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MA Eighteenth Century Studies

Explore the 18th century in a dynamic and stimulating interdisciplinary environment

Year of entry: 2020/21

Length

1 year full-time,
2 years part-time

Start date

September 2020 (term dates)

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Study the literature, culture and history of the long 18th century from new perspectives. 

Develop your understanding of some of the major issues, debates and discourses that shaped British cultures and their relation to other cultures in the 18th century. Taught by world-leading scholars from the Departments of English, History, History of Art, and Archaeology, you’ll explore many different aspects of the era. You can construct a distinct programme of study from a range of options across the different disciplines. You'll develop an intellectual curiosity that is open to different methods of inquiry, and will carry out a substantial piece of independent research.

You’ll engage with the wider research culture of the Centre for Eighteenth Century Studies, which is based in the historic King's Manor, and be part of the Humanities Research Centre, a vibrant interdisciplinary hub.

Top world rankings

Archaeology is top 15, English is top 30, and History is in the top 100 of the QS World Rankings 2019.

Follow your interests

Choose from a wide range of option modules with global reach across different fields of study.

Rich local resources

Study in a beautiful historic city, and use the York Minster Library, King's Manor and the Borthwick Institute.

Course content

How did writers, artists and others attempt to explain changes in the structure and value of their societies, with issues such as the revolution in France, the status and function of the arts, the relationship between the sexes, the authority of the aristocracy and the effects of Empire? Investigate these questions through a range of literary, visual and material sources.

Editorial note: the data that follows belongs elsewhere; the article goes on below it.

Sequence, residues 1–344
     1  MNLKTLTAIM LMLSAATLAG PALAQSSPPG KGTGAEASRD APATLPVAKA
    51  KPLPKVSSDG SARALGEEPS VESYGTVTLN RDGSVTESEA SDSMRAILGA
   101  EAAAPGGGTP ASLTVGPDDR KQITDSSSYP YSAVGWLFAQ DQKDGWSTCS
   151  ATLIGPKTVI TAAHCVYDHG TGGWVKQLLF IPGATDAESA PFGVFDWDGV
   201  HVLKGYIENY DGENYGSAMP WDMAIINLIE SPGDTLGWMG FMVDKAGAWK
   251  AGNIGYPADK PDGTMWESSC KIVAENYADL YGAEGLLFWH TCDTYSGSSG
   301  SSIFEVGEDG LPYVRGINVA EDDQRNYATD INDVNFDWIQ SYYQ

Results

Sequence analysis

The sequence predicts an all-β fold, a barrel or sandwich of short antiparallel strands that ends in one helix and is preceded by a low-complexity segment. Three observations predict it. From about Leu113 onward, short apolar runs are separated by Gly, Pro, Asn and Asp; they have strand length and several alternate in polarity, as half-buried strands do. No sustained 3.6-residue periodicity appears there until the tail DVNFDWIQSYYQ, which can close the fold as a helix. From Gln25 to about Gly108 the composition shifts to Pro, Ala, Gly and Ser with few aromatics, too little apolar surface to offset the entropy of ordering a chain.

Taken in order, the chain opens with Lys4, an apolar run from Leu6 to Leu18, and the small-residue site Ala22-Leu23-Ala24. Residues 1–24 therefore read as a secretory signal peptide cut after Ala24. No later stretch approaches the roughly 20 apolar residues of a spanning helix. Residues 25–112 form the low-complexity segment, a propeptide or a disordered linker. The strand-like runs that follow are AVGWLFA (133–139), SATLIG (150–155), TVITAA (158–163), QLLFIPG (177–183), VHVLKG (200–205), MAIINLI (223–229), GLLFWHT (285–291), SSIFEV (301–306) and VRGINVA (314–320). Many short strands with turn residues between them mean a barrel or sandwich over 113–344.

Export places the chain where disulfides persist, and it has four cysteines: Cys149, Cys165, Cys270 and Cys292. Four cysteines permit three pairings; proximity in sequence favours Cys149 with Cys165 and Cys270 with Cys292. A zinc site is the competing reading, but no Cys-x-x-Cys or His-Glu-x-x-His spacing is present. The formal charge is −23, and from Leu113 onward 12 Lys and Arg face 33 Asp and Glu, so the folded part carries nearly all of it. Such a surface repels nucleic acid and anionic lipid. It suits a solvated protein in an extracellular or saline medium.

You can study from 1650-1850, and you'll be introduced to staff specialisms in subjects such as gender, the body and women’s writing; empire, exploration and the cultural history of warfare; reading communities and literary networks; science and medicine; landscape and visual culture; and fashion, material culture and consumption. 

Whatever your disciplinary background we'll introduce you to a range of conceptual and analytical tools to explore some of the languages, images and central themes of the history and culture of the period. Our staff have research teaching and expertise from Archaeology, English, History and History of Art.

Modules

Core modules 

Option modules

You'll choose three 20-credit option modules. Recent modules have included:

Please note, modules may change to reflect the latest academic thinking and expertise of our staff.

Dissertation

Your 80-credit dissertation offers you the chance to examine a topic in depth and to develop your research skills.

In Summer Term and over the vacation you'll work on a 14,000-16,000-word dissertation with regular supervision from a member of staff. You'll submit your dissertation in September.

If you are studying part-time we encourage you to use the first Summer Term of your two years to begin working on your dissertation topic.

Recent dissertation topics have included:

  • Encountering China post-Macartney: Romantic Theatre and Cultural Translation in Cherry and Corri's The Travellers
  • Equine Emotions: How Horses Shaped Conceptions of Animal Feeling, Soldierly Sensitivity and National Identity in the Peninsular Campaign, 1808-1814